When the hour came, he took his place at the table, and the apostles with him. 15 He said to them, ‘I have eagerly desired to eat this Passover with you before I suffer; 16 for I tell you, I will not eat it until it is fulfilled in the kingdom of God.’ 17 Then he took a cup, and after giving thanks he said, ‘Take this and divide it among yourselves; 18 for I tell you that from now on I will not drink of the fruit of the vine until the kingdom of God comes.’ 19 Then he took a loaf of bread, and when he had given thanks, he broke it and gave it to them, saying, ‘This is my body, which is given for you. Do this in remembrance of me.’ 20 And he did the same with the cup after supper, saying, ‘This cup that is poured out for you is the new covenant in my blood.
It is the first full moon after the spring equinox, and with the first three stars now visible in the sky, all Jerusalem knows it is time for the Passover meal to begin. As the full silvered orb rises slowly over the Mount of Olives to the east, Jesus also knows that his long awaited time has come. It is time for the Lamb of God to offer up his life as a sacrifice for the sin of the world.
A few days earlier, on Palm Sunday, at the so-called Triumphal Entry, Jesus presented himself as Messiah and the Passover Lamb. But the swelling crowds that day were set on a political messiah, and uncaring that the Lamb of God had come to them.
Now on this his final night, Jesus takes the elements of the Passover meal, the bread and the wine, and invests them with new meaning. This last meal that he shares with his closest friends will become the Lord’s Supper. Jesus takes the bread, the unleavened bread of Passover, gives thanks, breaks the bread, and gives to his friends to eat. The Greek word used for Jesus’ “giving thanks” is eucharisteo, and so this meal has ever since been called “The Eucharist. As we eat and drink we are giving thanks to the Lord for what he has done.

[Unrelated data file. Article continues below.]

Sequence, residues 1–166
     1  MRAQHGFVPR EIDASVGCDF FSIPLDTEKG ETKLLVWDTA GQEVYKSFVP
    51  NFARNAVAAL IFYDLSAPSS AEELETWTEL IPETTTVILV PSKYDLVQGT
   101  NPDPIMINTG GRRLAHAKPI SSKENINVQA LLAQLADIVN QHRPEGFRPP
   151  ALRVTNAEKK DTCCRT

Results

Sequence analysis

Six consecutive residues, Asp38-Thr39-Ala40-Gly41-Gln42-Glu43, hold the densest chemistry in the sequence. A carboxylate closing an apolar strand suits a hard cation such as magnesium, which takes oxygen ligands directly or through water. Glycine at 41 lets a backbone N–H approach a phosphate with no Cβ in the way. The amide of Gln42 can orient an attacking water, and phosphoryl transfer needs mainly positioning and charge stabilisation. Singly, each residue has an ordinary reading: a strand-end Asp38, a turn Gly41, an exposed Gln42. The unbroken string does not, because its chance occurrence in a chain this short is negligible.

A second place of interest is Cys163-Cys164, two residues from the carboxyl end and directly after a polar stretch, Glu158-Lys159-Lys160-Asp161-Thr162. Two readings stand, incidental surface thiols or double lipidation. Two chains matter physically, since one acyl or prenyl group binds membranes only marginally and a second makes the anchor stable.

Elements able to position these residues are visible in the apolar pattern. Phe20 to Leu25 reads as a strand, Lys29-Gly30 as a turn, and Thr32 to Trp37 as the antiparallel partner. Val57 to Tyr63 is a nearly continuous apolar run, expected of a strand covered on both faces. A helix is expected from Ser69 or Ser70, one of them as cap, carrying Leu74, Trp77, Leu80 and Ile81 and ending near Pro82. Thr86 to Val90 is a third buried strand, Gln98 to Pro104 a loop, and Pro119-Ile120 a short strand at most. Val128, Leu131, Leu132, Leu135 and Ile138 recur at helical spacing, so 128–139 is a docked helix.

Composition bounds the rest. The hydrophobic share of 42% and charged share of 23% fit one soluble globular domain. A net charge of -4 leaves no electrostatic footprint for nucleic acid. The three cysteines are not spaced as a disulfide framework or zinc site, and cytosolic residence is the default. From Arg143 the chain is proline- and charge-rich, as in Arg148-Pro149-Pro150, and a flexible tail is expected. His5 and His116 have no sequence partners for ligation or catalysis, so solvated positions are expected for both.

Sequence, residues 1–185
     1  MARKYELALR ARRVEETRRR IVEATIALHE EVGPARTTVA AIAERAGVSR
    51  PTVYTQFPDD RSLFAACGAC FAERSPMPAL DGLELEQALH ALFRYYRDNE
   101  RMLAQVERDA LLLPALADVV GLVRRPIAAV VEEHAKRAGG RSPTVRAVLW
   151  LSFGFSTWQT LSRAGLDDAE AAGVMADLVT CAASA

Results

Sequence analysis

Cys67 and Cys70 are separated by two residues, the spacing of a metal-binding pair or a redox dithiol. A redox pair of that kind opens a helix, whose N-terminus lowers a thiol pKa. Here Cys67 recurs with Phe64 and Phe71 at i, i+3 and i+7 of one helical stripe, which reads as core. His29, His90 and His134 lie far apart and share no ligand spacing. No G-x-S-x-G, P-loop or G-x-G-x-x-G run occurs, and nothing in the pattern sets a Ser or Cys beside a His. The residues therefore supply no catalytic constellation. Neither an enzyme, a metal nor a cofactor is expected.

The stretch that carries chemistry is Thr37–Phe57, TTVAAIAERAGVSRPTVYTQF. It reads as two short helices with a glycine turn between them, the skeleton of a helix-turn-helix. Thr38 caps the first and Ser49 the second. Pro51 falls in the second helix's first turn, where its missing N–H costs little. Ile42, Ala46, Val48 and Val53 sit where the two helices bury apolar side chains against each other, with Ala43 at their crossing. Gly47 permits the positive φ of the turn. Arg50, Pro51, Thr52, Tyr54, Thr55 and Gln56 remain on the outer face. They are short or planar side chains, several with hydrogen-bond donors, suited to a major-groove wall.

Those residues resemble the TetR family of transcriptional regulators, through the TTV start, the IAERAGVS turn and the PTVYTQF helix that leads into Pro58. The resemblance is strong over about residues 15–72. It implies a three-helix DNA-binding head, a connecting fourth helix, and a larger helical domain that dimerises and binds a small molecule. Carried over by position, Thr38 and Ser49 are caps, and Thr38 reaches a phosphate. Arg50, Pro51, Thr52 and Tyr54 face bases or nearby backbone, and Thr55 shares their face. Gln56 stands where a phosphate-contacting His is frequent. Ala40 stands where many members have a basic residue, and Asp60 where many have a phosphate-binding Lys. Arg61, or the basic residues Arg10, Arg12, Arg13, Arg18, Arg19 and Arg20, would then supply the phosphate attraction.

It is the Apostle Paul who tells us that the cup of wine Jesus gave to his friends was “the cup after supper” (I Corinthians 11:25). This prescribed, after supper cup, was called “The Cup of Redemption.” With his words and actions Jesus is carefully linking his cross with redemption history, the Exodus Passover out of the bondage of Egypt.
But on this night Jesus does something that is not a part of the prescribed Passover ritual. Jesus says: “This is my body which is given for you.” He makes clear that the bread that is broken and the cup that is poured out, is “for you.” On the cross Jesus is acting on our behalf. Jesus does not have to die. Death is not forced upon him. Jesus willingly lays down his life “for” us.
While Christians may differ on the full meaning of Jesus’ words, “This is my body,” this one thing is clear: we must in faith personally partake of Jesus. We do not just stare at the bread, debate it, or admire it. We eat it! Each of us in faith must eat the bread and feed on Christ our Savior.
Jesus bids us do this, “in remembrance of him.” We will never forget what Jesus has done for us! We will remember him!
What language shall I borrow to thank Thee, dearest friend,
For this Thy dying sorrow, Thy pity without end?
O make me Thine forever, and should I fainting be,
Lord, let me never, never outlive my love to Thee.
– St. Bernard of Clairvaux, “O Sacred Head Now Wounded“
Soaking in Scripture…
Today’s Andy Moments…